New is­lands spell hope for Bangladesh

Land formed by silt could counter threat of ris­ing sea lev­els to low-ly­ing na­tion: Ex­perts

The Straits Times - - ASIA -

DHAKA Dozens of new is­lands have emerged from the wa­ters around Bangladesh over the past decade, pro­vid­ing a pos­si­ble solution to the ex­is­ten­tial threat that ris­ing sea lev­els pose to the low-ly­ing coastal na­tion.

The gov­ern­ment said on Mon­day that 29 is­lands with a com­bined area of 507 sq km have emerged from the Bay of Bengal since 2007. In con­trast, Sin­ga­pore’s land size is 720 sq km.

Ev­ery year, Hi­malayan rivers carry an es­ti­mated one bil­lion tonnes of silt and de­posit it in the Bay of Bengal off the coast of Bangladesh, form­ing is­lands in the shal­low wa­ters.

Many of these is­lands, known as chars in Bangladesh, are al­ready in­hab­ited and ex­perts told Agence France-Presse they could mit­i­gate the threat posed by global warm­ing.

“Ev­ery year Bangladesh has new land emerg­ing and new land be­ing de­voured by rivers and sea,” said Dr Maminul Haque Sarker, head of the Cen­tre for En­vi­ron­ment and Ge­o­graphic In­for­ma­tion Ser­vices.

He added that stud­ies by the Dhaka re­search cen­tre have shown a net gain of ter­ri­tory of around 12-14 sq km.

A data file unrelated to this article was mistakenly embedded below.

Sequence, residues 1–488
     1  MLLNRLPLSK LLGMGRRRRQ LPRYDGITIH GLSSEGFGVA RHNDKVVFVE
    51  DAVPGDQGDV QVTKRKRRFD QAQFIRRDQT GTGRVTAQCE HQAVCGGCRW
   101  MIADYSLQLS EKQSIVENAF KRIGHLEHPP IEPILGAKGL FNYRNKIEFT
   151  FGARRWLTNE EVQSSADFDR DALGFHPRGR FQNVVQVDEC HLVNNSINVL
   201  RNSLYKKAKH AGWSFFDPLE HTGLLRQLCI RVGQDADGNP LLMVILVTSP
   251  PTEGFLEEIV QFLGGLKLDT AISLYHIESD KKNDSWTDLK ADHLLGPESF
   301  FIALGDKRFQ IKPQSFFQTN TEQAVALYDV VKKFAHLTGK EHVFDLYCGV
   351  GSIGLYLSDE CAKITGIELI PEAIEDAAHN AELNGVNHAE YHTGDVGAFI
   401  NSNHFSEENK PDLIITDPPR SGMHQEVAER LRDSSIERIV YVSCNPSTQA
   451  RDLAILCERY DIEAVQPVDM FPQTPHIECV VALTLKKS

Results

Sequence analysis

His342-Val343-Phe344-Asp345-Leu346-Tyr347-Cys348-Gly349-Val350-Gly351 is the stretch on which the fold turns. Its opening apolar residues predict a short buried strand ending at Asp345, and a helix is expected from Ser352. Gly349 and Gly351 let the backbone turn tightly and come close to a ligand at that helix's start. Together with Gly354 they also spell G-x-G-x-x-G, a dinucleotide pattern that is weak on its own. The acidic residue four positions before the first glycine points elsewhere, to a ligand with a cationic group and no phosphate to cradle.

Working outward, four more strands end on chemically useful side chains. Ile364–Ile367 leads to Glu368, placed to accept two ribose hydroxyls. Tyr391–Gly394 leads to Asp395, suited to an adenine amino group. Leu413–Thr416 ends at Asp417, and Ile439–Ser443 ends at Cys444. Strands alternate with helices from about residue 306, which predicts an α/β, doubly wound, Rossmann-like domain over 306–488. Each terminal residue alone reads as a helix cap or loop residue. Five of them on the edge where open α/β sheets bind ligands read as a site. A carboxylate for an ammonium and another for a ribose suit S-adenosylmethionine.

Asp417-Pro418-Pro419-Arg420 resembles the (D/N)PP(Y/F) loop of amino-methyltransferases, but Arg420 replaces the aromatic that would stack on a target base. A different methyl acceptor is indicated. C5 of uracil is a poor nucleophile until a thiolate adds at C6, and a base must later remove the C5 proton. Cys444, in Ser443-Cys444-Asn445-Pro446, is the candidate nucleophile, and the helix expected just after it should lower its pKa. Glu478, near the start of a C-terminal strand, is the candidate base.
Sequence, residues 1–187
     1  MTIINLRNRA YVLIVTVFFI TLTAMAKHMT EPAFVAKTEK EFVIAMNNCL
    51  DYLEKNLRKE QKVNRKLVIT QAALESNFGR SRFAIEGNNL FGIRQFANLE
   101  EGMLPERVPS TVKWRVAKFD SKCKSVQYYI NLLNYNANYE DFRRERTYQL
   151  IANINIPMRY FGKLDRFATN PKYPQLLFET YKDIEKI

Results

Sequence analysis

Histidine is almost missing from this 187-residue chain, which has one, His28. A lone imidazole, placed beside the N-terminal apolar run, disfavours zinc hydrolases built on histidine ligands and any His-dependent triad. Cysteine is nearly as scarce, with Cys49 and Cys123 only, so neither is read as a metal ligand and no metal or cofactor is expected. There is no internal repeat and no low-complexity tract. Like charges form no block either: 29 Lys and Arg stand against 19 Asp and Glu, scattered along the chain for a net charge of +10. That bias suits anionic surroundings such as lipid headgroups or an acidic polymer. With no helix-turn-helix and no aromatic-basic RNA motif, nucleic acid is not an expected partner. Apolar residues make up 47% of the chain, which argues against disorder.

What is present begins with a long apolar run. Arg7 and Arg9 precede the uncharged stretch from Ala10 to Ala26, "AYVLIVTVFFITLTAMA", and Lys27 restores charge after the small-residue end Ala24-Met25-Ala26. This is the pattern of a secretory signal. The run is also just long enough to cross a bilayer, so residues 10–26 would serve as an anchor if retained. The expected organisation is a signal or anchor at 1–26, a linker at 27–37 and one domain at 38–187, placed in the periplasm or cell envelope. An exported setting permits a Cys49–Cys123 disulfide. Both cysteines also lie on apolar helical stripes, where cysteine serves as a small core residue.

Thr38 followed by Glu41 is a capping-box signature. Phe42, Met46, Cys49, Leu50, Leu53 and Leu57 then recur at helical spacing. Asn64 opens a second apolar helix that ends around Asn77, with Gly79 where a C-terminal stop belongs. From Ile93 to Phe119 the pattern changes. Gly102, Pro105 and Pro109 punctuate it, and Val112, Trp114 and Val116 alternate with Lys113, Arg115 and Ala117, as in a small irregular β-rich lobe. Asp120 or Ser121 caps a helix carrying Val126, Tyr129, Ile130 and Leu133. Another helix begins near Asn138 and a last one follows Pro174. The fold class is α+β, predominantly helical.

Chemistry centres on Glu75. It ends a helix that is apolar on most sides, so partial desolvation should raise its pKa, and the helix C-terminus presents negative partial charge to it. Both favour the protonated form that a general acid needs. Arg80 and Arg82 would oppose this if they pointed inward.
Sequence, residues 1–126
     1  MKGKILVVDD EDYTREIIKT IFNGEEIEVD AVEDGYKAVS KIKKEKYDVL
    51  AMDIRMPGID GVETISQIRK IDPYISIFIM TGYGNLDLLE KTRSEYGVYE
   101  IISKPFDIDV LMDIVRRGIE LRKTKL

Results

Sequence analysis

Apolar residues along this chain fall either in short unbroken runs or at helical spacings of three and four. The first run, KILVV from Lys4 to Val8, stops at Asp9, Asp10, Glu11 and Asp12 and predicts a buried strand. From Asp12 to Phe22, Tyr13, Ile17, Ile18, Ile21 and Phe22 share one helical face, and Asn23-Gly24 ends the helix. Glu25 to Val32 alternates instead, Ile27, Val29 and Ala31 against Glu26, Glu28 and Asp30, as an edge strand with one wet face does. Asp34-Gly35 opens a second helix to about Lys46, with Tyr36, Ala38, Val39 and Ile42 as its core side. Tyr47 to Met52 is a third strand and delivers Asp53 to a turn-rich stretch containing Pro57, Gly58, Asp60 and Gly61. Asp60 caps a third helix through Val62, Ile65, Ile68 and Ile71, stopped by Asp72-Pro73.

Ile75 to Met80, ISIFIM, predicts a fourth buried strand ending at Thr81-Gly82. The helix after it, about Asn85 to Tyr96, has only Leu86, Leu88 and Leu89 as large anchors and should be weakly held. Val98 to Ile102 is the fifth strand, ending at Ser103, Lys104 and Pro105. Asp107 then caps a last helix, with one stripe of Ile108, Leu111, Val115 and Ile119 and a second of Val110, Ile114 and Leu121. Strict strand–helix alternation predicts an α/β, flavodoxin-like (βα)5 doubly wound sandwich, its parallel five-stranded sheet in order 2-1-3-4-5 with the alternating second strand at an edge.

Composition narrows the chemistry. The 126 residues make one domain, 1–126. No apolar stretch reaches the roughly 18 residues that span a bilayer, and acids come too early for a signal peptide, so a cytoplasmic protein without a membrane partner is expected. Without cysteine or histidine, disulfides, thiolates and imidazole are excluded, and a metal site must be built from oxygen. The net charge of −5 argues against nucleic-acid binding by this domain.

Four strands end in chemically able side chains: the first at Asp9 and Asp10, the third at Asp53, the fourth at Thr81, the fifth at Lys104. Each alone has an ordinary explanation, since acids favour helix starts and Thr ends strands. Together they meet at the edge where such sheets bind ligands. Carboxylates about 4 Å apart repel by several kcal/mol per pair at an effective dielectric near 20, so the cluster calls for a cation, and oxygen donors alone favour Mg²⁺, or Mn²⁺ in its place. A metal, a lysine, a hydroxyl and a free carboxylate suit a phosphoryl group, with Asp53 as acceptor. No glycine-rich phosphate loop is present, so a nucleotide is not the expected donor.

Most of the new land is lo­cated near the es­tu­ary of the Meghna River, which is the con­flu­ence of the main trib­u­taries of the two main Hi­malayan rivers of the Ganges and the Brahma­pu­tra.

One of the is­lands has also con­tro­ver­sially been ear­marked as a pos­si­ble tem­po­rary base for the hun­dreds of thou­sands of Ro­hingya refugees from Myan­mar who are cur­rently liv­ing in squalid – and mostly makeshift – camps in south­ern Bangladesh.

The United Na­tions says 615,000 refugees from the Mus­lim mi­nor­ity have crossed into Bangladesh from its Bud­dhist neigh­bour since late Au­gust.

The in­flux has over­whelmed ex­ist­ing fa­cil­i­ties in the densely pop­u­lated coun­try, and the au­thor­i­ties have strug­gled to find al­ter­na­tive land to house them.

A re­cent World Bank study pro­jected that 40 per cent of pro­duc­tive land in south­ern Bangladesh would be sub­merged by the year 2080 due to a rise in sea lev­els.

A decade ago, the in­flu­en­tial In­ter­gov­ern­men­tal Panel on Cli­mate Change said a 1m rise in sea lev­els would flood 17 per cent of Bangladesh and cre­ate 20 mil­lion refugees by 2050.

Lo­cal sci­en­tists, how­ever, crit­i­cised the study for fail­ing to take into ac­count the silt is­lands, which are highly fer­tile.

Wa­ter ex­pert Zahirul Haque Khan told AFP that dams could be set up to trap the vast amounts of sed­i­ment that flow from Bangladesh’s rivers into the sea ev­ery year.

“Bangladesh can gain hun­dreds of square kilo­me­tres of new land by trap­ping silt through cross dams and en­gi­neer­ing in­ter­ven­tions,” said Mr Khan, di­rec­tor of In­sti­tute of Wa­ter Mod­el­ling in Dhaka.

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